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Ex-Inspector General indicted for stealing data on 250k govt colleagues

Crime doesn't pay, even if you have the audacity to try to sell your employer its own, free software and personal data on your own colleagues.

A former acting Inspector General for the US Department of Homeland Security (DHS) was indicted on Friday for allegedly ripping off proprietary software and confidential databases and packaging it all up so that his company – Delta Business Solutions – could sell an enhanced version back to the government at a profit.
A federal grand jury in the District of Columbia returned a 16-count indictment against Charles K. Edwards, 59, of Sandy Spring, Maryland, and one of his underlings, Murali Yamazula Venkata, 54, of Aldie, Virginia, the Justice Department (DOJ) said.
They’re both looking at charges of conspiracy to commit theft of government property and to defraud the government, theft of government property, wire fraud, and aggravated identity theft. Venkata is also charged with destroying records.
They were working the scheme for a number of years, according to the indictment. It alleges that Edwards had a network of insiders working on stealing data from the DHS Office of Inspector General (OIG) from October 2014 to April 2017.
According to court documents, the stolen data included sensitive government databases that contained personal identifying information (PII) of DHS and Postal Service (USPS) employees. The plan was to sell the enhanced, so-not-free-anymore version of DHS-OIG’s software to the OIG for the Department of Agriculture. Prosecutors also allege that Edwards kept it all up even after he left DHS-OIG in December 2013, maintaining his relationship with Venkata and other DHS-OIG employees to keep the intellectual property (IP) and PII flowing.
His ex-colleagues did more than just keep up the alleged insider theft, the indictment says: Venkata and others are also said to have served as Edwards’ help desk. They allegedly reconfigured Edwards’ laptop so as to better upload the stolen software and databases, gave him troubleshooting support whenever he needed it, and helped him set up a testing server at his home with the stolen software and databases.
Edwards also allegedly hired software developers in India to help him develop his commercial alternative of DHS-OIG’s software. That’s an aspect of the alleged crimes that could make his penalties yet more severe if he’s convicted, given that he’s not only charged with stealing proprietary software and the PII of government employees, but also with sending it overseas.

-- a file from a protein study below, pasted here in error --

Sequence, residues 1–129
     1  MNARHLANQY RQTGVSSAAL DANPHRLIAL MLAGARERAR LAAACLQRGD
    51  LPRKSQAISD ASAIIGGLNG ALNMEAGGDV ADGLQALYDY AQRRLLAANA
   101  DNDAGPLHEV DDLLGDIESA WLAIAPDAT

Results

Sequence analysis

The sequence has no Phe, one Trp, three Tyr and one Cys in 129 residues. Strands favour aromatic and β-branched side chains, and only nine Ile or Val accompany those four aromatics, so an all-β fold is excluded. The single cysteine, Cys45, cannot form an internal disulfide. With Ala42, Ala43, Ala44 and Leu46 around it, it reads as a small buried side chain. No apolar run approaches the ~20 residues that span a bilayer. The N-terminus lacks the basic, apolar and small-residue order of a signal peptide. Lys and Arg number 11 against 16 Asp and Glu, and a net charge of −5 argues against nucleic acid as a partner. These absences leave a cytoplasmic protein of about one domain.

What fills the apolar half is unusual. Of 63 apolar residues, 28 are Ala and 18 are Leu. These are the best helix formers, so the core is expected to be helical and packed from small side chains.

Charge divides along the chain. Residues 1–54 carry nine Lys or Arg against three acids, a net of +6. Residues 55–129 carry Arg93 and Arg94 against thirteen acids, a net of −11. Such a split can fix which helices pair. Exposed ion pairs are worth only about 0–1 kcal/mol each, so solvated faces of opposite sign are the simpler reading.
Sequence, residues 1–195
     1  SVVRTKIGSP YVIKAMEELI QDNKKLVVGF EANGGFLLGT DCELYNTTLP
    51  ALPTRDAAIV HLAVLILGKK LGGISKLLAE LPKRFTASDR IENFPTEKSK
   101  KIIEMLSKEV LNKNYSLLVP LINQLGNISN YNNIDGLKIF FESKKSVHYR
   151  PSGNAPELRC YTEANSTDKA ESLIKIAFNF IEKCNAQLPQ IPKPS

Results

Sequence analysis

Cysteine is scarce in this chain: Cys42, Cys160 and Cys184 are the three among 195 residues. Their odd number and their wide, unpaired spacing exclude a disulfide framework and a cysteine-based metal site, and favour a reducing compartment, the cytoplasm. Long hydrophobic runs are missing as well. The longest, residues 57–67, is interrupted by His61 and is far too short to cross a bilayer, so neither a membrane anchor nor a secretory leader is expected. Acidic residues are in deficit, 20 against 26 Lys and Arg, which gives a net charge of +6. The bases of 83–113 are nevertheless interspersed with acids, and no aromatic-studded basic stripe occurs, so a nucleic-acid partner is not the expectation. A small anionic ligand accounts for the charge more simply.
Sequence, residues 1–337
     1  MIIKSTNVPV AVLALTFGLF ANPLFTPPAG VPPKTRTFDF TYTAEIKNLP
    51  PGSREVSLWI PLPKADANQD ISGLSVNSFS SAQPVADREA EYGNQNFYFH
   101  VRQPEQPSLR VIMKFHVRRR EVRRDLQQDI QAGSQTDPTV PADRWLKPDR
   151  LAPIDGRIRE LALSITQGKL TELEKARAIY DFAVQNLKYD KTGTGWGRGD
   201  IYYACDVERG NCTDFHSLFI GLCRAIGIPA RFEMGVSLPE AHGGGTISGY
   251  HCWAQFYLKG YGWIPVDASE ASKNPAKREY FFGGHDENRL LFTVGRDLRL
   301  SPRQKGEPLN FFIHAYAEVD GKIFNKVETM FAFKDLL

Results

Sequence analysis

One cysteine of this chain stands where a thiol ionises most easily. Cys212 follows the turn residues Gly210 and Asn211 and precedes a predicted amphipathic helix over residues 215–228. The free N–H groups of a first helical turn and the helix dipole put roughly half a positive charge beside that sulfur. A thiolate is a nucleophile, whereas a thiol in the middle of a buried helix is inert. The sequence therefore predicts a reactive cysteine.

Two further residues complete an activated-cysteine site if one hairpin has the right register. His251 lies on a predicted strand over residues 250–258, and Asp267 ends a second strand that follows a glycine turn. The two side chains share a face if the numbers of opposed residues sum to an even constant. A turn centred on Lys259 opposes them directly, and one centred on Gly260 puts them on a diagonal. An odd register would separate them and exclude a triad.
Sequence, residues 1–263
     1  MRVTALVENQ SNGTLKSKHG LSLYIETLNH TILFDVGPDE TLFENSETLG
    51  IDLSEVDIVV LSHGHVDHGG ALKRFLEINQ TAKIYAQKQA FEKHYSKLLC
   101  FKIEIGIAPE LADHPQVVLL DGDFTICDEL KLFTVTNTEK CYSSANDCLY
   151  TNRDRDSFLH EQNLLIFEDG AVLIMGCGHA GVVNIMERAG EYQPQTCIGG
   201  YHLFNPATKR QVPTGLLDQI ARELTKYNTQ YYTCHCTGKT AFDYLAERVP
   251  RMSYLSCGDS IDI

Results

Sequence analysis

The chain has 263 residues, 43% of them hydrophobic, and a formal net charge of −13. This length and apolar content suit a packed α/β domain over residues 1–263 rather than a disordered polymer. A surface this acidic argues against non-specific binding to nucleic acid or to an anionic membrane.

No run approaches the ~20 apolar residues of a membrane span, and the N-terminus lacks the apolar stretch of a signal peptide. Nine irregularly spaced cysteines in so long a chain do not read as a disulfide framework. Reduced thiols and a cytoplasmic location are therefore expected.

The indictment is part of an ongoing investigation by DHS and Postal Service inspectors general and was announced by the two agencies, the DOJ and the US attorney’s office for the District of Columbia, which is prosecuting the case.
If Edwards and Venkata are convicted, they’ll be looking at a maximum of five years for conspiracy to commit theft, 10 years for theft of government property, 20 years for wire fraud, and a minimum of two years for a count of aggravated identity theft. Venkata also faces another 20 years for destruction of records. They would also face fines of up to $250,000 for each count. Having said that, maximum sentences are rarely handed down.

The Washington Post has been following this case for a while. As it reports, it looks like Friday’s indictment is connected to an April 2019 guilty plea from a DHS federal technology manager, Sonal Patel.
Ms. Patel admitted to conspiring with a former acting Inspector General to steal a data­base containing the PII of nearly 250,000 DHS employees, according to court filings. From The Washington Post:

Patel in court papers acknowledged instructing a subordinate to send her directions on how to install the copy, and steering the Agriculture Department inspector general’s office to using the commercial version instead of the free government version. In June 2016, her plea statement said, she handed two DVDs with copied data to Co-Conspirator 1 ‘on the side of the road’ before the latter boarded a flight from Dulles International Airport to meet with software developers in India,’ who would create the copycat program.

After pleading guilty to one count of conspiracy to commit theft of government property and agreeing to cooperate with prosecutors regarding “a scheme that ran from 2014 to 2017,” Patel was looking at a maximum of five years in prison.
Crime doesn’t pay, even if you have the audacity to try to gussy up and sell your employer its own, free software and – ouch! – PII from your own colleagues.

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